Understanding real-world concurrency bugs in Go

Understanding real-world concurrency bugs in Go Tu, Liu et al., ASPLOS'19 The design of a programming (or data) model not only makes certain problems easier (or harder) to solve, but also makes certain classes of bugs easier (or harder) to create, detect, and subsequently fix. Today’s paper choice studies concurrency mechanisms in Go. Before we … Continue reading Understanding real-world concurrency bugs in Go

Bounding data races in space and time – part II

Bounding data races in space and time Dolan et al., PLDI'18 Yesterday we looked at the case for memory models supporting local data-race-freedom (local DRF). In today’s post we’ll push deeper into the paper and look at a memory model which does just that. Consider a memory store $latex S$ which maps locations to values. … Continue reading Bounding data races in space and time – part II

Bounding data races in space and time – part I

Bounding data races in space and time Dolan et al., PLDI'18 Are you happy with your programming language’s memory model? In this beautifully written paper, Dolan et al. point out some of the unexpected behaviours that can arise in mainstream memory models (C++, Java) and why we might want to strive for something better. Then … Continue reading Bounding data races in space and time – part I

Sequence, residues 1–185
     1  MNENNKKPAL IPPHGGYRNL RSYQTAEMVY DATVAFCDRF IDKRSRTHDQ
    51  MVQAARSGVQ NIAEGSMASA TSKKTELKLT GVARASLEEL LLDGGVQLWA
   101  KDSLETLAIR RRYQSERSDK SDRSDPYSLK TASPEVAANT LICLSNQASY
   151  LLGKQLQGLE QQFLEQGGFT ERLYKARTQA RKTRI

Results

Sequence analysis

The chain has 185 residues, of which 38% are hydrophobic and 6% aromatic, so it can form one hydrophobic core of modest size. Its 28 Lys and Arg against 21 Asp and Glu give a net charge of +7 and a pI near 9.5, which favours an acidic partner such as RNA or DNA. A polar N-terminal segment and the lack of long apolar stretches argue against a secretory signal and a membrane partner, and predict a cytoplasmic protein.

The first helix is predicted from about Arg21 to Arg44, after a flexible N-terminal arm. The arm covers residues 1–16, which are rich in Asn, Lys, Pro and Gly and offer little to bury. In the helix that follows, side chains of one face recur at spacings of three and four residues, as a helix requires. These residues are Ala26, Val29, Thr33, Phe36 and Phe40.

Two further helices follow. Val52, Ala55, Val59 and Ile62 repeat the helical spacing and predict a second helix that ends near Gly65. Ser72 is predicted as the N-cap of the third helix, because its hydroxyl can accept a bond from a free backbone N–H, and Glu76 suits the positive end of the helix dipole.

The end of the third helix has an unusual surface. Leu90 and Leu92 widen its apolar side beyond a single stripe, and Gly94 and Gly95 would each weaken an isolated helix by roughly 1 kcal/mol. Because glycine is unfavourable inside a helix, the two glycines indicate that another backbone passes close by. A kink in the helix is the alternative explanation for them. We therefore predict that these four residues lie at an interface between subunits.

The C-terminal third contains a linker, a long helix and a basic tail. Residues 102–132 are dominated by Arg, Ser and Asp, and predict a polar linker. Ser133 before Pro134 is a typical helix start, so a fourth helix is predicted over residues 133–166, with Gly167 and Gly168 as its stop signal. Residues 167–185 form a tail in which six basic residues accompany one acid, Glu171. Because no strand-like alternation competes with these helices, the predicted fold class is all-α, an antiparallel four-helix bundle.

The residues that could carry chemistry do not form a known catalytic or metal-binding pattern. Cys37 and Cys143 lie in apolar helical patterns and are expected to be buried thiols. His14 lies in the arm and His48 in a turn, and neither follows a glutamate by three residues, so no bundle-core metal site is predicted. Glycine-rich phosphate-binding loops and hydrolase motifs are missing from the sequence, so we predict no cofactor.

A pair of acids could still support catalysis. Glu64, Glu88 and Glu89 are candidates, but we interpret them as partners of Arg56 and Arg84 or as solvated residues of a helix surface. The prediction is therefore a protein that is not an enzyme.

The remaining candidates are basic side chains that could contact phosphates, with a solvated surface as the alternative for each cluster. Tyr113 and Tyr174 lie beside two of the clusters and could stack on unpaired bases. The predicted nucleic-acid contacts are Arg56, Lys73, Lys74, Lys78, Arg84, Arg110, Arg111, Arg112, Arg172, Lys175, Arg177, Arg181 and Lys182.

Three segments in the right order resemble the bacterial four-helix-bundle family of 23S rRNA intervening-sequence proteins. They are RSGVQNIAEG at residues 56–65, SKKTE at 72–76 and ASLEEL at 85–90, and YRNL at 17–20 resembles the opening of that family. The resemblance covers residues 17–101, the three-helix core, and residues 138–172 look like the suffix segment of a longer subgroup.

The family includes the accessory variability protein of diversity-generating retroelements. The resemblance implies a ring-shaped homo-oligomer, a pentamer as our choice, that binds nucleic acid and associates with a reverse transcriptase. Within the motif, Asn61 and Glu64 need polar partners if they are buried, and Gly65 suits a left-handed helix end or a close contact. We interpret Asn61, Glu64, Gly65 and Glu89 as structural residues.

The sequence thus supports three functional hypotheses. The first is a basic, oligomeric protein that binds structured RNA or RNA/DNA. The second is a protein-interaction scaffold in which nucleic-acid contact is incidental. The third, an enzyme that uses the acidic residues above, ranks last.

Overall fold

A static verification framework for message passing in Go using behavioural types

A static verification framework for message passing in Go using behavioural types Lange et al., ICSE 18 With thanks to Alexis Richardson who first forwarded this paper to me. We’re jumping ahead to ICSE 18 now, and a paper that has been accepted for publication there later this year. It fits with the theme we’ve … Continue reading A static verification framework for message passing in Go using behavioural types

A concurrent perspective on smart contracts

A concurrent perspective on smart contracts Sergey & Hobor, Workshop on Trusted Smart Contracts, 2017 Maurice Herlihy gave a keynote on 'Blockchains and the future of distributed computing' at PODC'17. In his slides (I wasn't there to hear the talk in person), he recommends reading 'A concurrent perspective on smart contracts.' And here we are! … Continue reading A concurrent perspective on smart contracts